Gluten-free beer currently has a long way to go, according to University of Winnipeg (U of W) instructor in chemistry Dr. Jamie Galka.
But he and associate professor of biology Dr. Paul Holloway are on the case. The pair have teamed up to research the viability of a corn-based, 100 per cent gluten-free malted beverage. It’s most like beer, so that’s what they’re calling it, but it’s also in a class of its own.
“Gluten-free beers are terrible,” Galka says with a laugh. At home, Galka has been brewing up homemade beer for many years, so when Holloway approached him with the research project, he was on board right away.
“Barley provides the enzymes for starch, and for some reason, no one’s looked into that with corn,” Holloway says. “Are there similar enzymes in corn? If there are, you can make the corn do the work and produce a corn beer, so what we found is that yes, you can do it.”
He explains that a seed is full of starch but, in its raw form, that starch is not food for yeast. Malting barley converts that starch into simple, digestible sugars, and they’ve found that corn malts in a similar way.
It’s great news for folks with gluten allergies and sensitivities, but Galka hopes their corny beer will be something customers will choose for its flavour.
“It’s like a light pilsner, lager style, easy drinking, kind of a lawn mower beer,” he says. “We don’t want to sell it as gluten-free. We want to sell it on its taste.”
With so many local breweries opening up in Winnipeg, their research is relevant on a local scale, especially since corn production is huge in Manitoba.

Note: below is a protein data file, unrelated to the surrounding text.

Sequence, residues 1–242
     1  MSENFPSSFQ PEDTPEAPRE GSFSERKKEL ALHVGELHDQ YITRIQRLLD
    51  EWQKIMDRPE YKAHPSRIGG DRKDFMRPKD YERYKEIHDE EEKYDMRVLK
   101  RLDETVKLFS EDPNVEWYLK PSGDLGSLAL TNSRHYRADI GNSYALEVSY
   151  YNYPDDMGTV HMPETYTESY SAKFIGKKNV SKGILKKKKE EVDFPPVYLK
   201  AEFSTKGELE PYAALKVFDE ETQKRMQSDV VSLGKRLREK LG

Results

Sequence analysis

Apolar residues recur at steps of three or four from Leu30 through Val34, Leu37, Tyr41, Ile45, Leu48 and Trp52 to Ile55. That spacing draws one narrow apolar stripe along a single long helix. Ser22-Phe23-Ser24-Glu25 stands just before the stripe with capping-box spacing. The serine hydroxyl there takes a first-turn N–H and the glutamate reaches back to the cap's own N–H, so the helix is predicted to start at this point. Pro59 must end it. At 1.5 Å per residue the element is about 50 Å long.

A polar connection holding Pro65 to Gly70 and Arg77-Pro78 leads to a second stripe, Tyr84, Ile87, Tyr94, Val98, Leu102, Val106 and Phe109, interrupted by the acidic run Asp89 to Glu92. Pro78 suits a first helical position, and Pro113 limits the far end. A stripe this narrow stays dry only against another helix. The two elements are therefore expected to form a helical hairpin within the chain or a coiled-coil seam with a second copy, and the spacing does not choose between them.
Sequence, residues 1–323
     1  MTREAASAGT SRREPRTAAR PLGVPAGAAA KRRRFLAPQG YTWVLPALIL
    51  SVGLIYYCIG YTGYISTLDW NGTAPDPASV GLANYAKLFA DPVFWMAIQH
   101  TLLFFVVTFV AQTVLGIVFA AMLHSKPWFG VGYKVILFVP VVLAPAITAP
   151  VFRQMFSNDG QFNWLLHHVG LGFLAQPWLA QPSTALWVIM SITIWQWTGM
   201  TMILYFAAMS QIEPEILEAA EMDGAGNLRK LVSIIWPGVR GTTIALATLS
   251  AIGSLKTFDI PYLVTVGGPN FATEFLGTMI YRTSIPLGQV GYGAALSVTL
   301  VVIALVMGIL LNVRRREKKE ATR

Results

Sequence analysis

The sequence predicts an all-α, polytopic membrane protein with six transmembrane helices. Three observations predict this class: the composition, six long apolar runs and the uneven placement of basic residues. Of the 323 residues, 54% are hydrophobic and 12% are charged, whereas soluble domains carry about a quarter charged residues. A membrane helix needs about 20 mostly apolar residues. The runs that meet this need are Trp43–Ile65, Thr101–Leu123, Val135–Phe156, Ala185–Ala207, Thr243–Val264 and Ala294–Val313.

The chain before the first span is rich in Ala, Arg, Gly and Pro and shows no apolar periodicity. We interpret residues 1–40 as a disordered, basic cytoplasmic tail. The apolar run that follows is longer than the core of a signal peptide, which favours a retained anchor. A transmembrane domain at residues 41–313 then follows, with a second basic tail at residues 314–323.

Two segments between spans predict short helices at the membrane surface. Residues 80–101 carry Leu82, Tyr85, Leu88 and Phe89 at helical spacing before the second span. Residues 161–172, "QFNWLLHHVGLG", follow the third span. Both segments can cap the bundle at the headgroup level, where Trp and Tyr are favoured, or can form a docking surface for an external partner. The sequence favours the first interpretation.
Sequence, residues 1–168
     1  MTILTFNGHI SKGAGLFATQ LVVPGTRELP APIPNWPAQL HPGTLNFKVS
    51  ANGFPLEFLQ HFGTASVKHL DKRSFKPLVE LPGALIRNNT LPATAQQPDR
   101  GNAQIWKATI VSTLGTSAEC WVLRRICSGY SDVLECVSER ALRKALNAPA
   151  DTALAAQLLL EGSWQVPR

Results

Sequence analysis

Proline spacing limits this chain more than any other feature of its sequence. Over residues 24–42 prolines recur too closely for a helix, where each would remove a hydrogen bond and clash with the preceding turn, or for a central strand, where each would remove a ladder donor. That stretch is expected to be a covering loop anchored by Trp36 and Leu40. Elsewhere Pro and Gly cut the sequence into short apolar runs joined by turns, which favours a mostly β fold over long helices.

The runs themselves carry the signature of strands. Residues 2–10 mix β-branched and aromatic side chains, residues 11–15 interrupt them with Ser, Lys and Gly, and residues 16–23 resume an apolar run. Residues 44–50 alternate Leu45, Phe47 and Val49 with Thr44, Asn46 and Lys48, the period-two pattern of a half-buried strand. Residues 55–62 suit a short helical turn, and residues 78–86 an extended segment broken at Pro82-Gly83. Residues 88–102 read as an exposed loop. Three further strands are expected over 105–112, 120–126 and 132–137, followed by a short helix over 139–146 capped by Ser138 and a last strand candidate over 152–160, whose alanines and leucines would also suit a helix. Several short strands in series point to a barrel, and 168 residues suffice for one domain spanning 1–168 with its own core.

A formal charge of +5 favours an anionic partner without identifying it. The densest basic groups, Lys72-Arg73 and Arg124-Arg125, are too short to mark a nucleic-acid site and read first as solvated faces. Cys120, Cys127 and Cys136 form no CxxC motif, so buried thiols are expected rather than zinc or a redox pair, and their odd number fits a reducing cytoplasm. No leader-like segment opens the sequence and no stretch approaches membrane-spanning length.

“One in every 100 jobs in Canada has something to do with beer,” Galka says. “It’s about a $6-billion profit annually from sales and making of beer.”
The good news for breweries here is that making beer with corn is not a more complicated or expensive process than making it with barley.
“We’ve tried to duplicate the beer process, not getting away from that,” Holloway says. “They don’t need any new equipment.”
The equipment used, however, would have to be cleaned between batches to make the product totally gluten-free.
The project’s first phase was funded by the Manitoba Corn Growers Association for a total of $12,000. The funds allowed the pair to hire a summer student and produce their first couple of batches. Several other U of W students have gotten involved as well, eager to work on something beer-related, but also gaining lab experience while working on an applied goal.
“It’s real science behind it, basic science,” Galka says. “Humans have been doing this for 6,000+ years.”
It will be another few years before corny beer hits the shelves, the pair says. There is more work and research to be done in refining the taste, look and balance of the beverage.